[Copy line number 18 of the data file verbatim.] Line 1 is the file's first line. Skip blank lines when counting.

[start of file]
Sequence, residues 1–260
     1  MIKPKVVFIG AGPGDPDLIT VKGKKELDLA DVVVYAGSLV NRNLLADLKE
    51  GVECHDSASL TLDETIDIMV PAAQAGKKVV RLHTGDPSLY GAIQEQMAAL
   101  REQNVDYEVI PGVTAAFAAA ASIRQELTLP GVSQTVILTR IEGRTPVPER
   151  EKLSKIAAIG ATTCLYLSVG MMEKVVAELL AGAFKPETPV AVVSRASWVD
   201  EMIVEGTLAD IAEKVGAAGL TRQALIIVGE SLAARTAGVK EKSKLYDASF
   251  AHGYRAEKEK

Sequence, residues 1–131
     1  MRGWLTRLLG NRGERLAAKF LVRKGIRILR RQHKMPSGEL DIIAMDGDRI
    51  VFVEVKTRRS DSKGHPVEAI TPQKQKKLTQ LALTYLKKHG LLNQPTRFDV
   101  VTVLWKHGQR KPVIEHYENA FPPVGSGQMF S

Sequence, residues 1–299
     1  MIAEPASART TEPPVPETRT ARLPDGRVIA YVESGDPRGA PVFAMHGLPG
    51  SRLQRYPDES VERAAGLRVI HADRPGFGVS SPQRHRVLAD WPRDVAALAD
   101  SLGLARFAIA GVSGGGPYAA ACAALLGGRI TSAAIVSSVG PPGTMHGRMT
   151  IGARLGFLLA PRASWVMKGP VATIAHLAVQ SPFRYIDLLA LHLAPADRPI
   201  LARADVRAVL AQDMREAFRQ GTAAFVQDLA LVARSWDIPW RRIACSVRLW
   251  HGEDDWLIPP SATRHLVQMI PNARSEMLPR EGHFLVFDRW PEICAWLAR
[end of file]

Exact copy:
   251  HGEDDWLIPP SATRHLVQMI PNARSEMLPR EGHFLVFDRW PEICAWLAR